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Both preferences and institutions are central to economic theory. Insofar as they cannot be taken as given, it is important to understand how they are formed, and how they “respond” to shocks. This thesis investigates the endogenous formation of preferences and institutions. It presents field-experimental evidence from Sub-Saharan Africa – specifically Uganda, Sierra Leone, and Ethiopia – gradually zooming out through different levels of responses to shocks. It starts by looking at the formation of individual preferences in utero and during childhood. Next, it explores the endogeneity of rational choice among adults. Finally, it looks at the cumulative outcome of these responses in terms of changes in local norms and informal institutions. Shocks are thought of in their broadest possible definition. Conflict is a shock, but so is the introduction of exogenously planned and implemented institutions, or the penetration of statutory law into predominantly customary settings.
Chapter 2 investigates the fetal origins of preferences for cooperation. I study the effect of prenatal trauma on the cooperation of those born during the Lord’s Resistance Army insurgency in northern Uganda. I find that a rise in the relative length of the index finger with respect to the ring finger – a marker for prenatal hormonal shock – reduces the child’s probability of contribution to the public good. I interpret this as evidence that prenatal trauma may affect later-life individual preferences, and that the nine months in utero may be more important than previously thought.
Chapter 3 looks at the preferences for competition towards in- and out-groups, in relation to conflict exposure. I study aggressiveness and willingness to compete among youth in Sierra Leone, using the group dynamics generated by a local football tournament to separate in- and out-group behavior. I find that football players that experienced more intense exposure to violence are more likely to get a foul card during a game. Also, I isolate competitiveness from aggressiveness in the lab, and find that conflict exposure increases the willingness to compete towards the out-group—not the in-group. I conjecture that violent conflict is not only a destructive process, but that it may also trigger autonomous transformations in believes and preferences.
Chapter 4 explores the endogeneity of rational choice among adults. I study the relationship between market exposure and rationality in rural Ethiopia, through a laboratory experiment involving sesame brokers and farmers. Following a randomly assigned trading session in a competitive auction, I find that farmers and brokers selected for the treatment behave more rationally than their peers in the control group. Markets are thus not only neutral institutions; they change the way people make decisions. I speculate that, in the presence of endogenous rationality, a rapid market expansion may offer dynamic efficiency gains, but that it may also affect the distribution of rents and wealth at the local and regional levels.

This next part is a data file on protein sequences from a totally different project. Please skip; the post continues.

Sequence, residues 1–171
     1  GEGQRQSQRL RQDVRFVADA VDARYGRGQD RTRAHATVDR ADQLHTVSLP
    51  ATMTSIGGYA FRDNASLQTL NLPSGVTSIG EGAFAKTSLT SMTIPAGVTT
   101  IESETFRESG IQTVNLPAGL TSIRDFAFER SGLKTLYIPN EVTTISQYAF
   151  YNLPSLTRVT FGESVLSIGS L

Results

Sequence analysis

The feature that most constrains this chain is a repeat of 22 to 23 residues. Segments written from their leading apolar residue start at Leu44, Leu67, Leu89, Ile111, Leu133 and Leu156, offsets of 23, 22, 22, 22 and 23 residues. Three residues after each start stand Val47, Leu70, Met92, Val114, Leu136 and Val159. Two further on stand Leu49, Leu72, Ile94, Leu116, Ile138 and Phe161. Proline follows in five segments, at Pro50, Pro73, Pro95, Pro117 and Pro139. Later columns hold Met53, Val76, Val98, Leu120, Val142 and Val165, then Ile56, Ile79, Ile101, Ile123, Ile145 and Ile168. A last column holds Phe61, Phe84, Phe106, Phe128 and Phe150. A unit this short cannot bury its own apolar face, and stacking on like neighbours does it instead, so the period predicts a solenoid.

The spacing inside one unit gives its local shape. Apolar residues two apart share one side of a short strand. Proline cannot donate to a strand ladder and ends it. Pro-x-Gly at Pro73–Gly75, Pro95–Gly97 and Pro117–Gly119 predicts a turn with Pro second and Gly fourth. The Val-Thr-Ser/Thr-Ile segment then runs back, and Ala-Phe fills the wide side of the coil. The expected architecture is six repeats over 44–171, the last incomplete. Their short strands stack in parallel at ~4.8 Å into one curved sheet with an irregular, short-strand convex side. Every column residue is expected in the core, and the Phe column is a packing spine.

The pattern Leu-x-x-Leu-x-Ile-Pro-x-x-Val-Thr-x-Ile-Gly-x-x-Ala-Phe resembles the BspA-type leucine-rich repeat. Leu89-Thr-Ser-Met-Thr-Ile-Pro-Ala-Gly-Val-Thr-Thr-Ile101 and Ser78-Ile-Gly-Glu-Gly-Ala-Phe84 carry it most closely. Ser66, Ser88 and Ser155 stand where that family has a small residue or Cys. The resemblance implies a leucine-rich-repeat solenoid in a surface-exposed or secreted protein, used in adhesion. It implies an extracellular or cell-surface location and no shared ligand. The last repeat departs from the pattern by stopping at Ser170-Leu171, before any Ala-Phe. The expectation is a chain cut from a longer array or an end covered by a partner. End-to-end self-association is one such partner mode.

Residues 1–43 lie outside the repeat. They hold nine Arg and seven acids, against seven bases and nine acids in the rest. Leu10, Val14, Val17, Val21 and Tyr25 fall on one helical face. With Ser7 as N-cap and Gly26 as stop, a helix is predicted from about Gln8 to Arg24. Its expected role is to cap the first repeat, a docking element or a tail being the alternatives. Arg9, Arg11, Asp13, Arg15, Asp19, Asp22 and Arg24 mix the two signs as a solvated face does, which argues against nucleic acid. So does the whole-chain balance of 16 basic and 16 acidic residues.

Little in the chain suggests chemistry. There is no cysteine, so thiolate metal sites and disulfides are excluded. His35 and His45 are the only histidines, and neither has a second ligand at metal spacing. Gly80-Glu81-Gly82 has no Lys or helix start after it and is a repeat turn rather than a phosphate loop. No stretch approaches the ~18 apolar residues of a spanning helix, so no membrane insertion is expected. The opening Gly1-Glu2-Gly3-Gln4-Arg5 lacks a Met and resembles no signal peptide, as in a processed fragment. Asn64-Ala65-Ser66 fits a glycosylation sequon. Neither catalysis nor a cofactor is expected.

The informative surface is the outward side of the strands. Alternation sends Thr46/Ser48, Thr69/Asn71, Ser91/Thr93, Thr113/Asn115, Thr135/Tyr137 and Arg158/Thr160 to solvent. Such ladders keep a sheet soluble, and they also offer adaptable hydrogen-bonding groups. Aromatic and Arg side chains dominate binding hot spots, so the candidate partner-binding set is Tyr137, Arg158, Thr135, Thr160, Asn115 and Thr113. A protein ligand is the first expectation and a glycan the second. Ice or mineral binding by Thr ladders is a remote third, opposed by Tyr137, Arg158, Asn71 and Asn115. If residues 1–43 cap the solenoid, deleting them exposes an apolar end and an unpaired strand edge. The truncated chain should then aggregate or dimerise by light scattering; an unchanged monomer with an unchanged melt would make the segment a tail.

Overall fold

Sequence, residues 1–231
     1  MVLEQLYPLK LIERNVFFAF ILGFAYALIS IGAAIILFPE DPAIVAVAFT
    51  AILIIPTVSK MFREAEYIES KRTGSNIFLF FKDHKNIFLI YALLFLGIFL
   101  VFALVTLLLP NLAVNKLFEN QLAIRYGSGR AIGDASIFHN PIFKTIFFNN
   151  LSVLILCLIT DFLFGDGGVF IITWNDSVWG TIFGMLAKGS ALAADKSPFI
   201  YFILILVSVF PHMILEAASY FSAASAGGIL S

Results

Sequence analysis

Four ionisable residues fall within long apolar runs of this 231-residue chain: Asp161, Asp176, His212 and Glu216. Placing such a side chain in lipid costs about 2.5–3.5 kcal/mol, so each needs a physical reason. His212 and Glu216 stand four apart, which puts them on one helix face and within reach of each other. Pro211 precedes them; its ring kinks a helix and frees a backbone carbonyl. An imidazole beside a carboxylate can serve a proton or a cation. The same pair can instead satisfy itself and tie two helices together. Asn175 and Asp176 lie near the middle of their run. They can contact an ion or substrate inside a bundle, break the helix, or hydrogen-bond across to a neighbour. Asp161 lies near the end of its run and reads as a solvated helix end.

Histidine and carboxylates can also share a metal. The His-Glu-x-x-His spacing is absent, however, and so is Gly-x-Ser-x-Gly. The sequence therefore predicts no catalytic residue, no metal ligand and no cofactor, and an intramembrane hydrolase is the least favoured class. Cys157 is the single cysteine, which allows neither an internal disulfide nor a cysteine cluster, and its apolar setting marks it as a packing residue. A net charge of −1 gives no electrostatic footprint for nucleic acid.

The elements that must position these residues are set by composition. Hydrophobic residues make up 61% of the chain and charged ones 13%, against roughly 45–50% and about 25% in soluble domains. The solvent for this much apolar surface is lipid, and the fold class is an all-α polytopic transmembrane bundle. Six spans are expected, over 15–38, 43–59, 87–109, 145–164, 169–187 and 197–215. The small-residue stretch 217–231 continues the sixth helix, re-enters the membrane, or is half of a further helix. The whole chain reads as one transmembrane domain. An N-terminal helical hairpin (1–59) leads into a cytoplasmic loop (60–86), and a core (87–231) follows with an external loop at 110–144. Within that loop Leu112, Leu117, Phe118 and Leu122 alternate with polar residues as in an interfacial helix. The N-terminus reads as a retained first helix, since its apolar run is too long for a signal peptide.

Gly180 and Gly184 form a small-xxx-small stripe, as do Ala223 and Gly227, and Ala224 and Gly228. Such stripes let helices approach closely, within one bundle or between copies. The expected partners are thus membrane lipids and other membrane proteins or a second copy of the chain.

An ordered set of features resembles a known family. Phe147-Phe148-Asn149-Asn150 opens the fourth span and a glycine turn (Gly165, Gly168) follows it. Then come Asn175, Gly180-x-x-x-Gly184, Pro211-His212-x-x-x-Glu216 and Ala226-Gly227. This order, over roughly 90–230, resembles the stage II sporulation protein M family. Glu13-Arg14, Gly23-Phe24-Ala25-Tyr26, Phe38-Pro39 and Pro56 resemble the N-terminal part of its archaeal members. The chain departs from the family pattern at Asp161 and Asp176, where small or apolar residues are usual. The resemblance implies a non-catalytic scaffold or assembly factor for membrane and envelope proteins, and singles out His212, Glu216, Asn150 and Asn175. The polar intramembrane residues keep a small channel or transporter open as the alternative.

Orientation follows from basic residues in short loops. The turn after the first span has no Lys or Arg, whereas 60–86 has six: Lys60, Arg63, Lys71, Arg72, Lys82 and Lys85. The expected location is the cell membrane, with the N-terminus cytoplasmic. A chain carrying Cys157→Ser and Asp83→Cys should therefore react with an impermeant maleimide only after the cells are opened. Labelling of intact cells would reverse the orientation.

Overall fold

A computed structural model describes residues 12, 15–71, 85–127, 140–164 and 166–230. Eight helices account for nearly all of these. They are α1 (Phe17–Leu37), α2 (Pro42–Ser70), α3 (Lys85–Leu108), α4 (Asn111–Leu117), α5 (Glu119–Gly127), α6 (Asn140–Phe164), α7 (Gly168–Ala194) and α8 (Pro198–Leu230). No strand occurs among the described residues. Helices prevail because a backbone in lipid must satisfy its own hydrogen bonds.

Chapter 5 investigates the relationship between formal and informal institutions. I study the dynamics of social capital – proxied by contributions to a public goods game – in response to the introduction of a formal insurance scheme in southwestern Uganda. I find that formal insurance crowds-out social capital, but that it is not those adopting the formal insurance who reduce their contributions (as predicted by theory). Instead, social capital erodes because of the uninsured. I argue that this is consistent with “weapons of the weak” theories, emphasizing social embeddedness. Those who fear to lose from this inequality-increasing innovation respond with the only “weapons” at hand—by reducing cooperation in other domains.
Chapter 6 looks at how the penetration of formal law affects customary legal institutions. I study the effects of introducing a formal legal alternative on the arbitration decisions of real customary judges in Ethiopia. I find that introducing a legal fallback reduces arbitration biases and draws the decisions of customary judges significantly closer to the formal law. At the same time, agents disfavored by the custom do not take advantage of their increased bargaining power. I argue that most effects of increased competition between formal law and customary legal institutions may rise from changes in the latter, rather than from plaintiffs seeking justice under the rule of law.
While each chapter is envisioned as a self-standing contribution to economic literature, the crosscutting thread is equally crucial. Not always do endogenous responses to shocks fit existing economic theory. Rather, the evidence presented sometimes highlights unforeseen dynamics. It moreover strongly rejects the notion of passive acceptance of shocks; individuals and institutions “respond” to shifting circumstances through “rational” – although not necessarily conscious – behavioral changes. These findings contribute to the understanding of the micro-foundations of preferences and institutions, and emphasize the need to continuously underpin theoretical predictions with empirical evidence.
|Qualification||Doctor of Philosophy|
|Award date||18 Mar 2015|
|Place of Publication||Wageningen|
|Publication status||Published - 2015|
- development economics
- africa south of sahara
- institutional economics
- field work
- choice behaviour
- economic analysis
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17/01/11 → 18/03/15